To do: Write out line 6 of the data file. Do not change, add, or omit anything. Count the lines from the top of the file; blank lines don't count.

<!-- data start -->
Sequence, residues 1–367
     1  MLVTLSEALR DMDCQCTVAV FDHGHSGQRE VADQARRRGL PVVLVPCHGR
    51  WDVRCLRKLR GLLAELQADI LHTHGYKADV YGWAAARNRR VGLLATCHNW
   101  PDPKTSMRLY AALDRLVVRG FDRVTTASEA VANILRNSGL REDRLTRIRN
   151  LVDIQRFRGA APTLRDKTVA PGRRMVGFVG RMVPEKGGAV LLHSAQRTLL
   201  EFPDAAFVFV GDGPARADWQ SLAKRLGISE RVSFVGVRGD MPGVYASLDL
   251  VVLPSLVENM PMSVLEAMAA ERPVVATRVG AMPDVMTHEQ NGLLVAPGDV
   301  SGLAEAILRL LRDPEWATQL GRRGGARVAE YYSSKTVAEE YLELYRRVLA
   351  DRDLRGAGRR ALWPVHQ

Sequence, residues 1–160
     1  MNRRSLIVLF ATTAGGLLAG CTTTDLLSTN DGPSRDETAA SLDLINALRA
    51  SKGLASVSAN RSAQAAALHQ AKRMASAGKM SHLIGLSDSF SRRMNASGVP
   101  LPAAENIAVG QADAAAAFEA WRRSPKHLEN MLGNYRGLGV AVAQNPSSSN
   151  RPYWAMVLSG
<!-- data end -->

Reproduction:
   201  EFPDAAFVFV GDGPARADWQ SLAKRLGISE RVSFVGVRGD MPGVYASLDL